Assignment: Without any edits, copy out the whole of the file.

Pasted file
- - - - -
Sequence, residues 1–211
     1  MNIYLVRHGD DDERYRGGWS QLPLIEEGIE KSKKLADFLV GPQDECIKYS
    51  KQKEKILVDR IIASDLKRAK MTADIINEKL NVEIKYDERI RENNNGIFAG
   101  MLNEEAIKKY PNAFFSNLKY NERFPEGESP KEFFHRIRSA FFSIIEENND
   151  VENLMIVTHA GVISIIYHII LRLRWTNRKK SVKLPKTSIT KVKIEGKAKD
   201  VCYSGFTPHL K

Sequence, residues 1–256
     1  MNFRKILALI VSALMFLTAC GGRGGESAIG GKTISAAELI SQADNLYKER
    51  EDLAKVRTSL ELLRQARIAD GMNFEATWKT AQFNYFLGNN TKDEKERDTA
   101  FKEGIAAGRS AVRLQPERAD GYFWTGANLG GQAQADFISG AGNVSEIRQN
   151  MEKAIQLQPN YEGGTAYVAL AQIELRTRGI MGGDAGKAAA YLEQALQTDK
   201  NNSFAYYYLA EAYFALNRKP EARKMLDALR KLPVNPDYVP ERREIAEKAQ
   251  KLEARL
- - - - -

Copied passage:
Sequence, residues 1–211
     1  MNIYLVRHGD DDERYRGGWS QLPLIEEGIE KSKKLADFLV GPQDECIKYS
    51  KQKEKILVDR IIASDLKRAK MTADIINEKL NVEIKYDERI RENNNGIFAG
   101  MLNEEAIKKY PNAFFSNLKY NERFPEGESP KEFFHRIRSA FFSIIEENND
   151  VENLMIVTHA GVISIIYHII LRLRWTNRKK SVKLPKTSIT KVKIEGKAKD
   201  VCYSGFTPHL K

Sequence, residues 1–256
     1  MNFRKILALI VSALMFLTAC GGRGGESAIG GKTISAAELI SQADNLYKER
    51  EDLAKVRTSL ELLRQARIAD GMNFEATWKT AQFNYFLGNN TKDEKERDTA
   101  FKEGIAAGRS AVRLQPERAD GYFWTGANLG GQAQADFISG AGNVSEIRQN
   151  MEKAIQLQPN YEGGTAYVAL AQIELRTRGI MGGDAGKAAA YLEQALQTDK
   201  NNSFAYYYLA EAYFALNRKP EARKMLDALR KLPVNPDYVP ERREIAEKAQ
   251  KLEARL